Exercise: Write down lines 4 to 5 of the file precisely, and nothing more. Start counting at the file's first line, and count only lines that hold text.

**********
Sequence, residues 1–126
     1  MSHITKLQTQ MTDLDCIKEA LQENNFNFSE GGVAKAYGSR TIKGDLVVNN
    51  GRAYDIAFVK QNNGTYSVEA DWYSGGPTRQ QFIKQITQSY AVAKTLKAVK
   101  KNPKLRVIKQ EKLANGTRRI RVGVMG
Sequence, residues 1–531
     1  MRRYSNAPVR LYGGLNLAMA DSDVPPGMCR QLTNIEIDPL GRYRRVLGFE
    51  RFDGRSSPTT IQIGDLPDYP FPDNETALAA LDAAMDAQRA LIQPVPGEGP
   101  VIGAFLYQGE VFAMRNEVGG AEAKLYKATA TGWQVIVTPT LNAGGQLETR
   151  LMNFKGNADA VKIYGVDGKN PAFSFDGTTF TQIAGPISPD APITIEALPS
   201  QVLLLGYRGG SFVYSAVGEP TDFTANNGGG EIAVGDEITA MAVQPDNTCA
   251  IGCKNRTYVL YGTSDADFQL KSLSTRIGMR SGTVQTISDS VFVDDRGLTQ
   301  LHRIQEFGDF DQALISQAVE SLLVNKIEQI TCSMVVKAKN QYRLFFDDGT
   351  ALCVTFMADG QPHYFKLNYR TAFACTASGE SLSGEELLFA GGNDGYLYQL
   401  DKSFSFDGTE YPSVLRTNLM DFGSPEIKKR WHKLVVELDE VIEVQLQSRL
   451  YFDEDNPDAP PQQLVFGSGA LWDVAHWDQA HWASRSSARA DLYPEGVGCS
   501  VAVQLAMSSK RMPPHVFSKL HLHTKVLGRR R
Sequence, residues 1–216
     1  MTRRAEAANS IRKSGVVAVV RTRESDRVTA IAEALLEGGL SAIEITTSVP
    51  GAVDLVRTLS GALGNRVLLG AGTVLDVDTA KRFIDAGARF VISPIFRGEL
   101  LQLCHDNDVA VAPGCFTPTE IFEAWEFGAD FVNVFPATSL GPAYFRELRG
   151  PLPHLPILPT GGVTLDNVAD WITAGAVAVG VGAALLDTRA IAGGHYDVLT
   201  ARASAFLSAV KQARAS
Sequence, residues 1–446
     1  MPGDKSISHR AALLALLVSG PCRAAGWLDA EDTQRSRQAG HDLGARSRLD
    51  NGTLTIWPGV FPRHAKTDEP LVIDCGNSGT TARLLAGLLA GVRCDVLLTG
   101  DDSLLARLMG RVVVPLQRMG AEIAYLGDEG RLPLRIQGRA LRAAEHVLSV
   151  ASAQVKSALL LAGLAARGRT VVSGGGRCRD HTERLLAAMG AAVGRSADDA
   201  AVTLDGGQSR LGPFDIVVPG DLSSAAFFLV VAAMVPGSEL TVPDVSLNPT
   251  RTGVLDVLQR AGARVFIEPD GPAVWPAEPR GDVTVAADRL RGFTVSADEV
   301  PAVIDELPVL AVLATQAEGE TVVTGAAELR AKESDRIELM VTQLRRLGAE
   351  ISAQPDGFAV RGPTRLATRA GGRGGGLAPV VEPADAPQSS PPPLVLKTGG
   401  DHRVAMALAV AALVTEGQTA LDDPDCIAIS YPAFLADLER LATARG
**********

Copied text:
   101  KNPKLRVIKQ EKLANGTRRI RVGVMG
Sequence, residues 1–531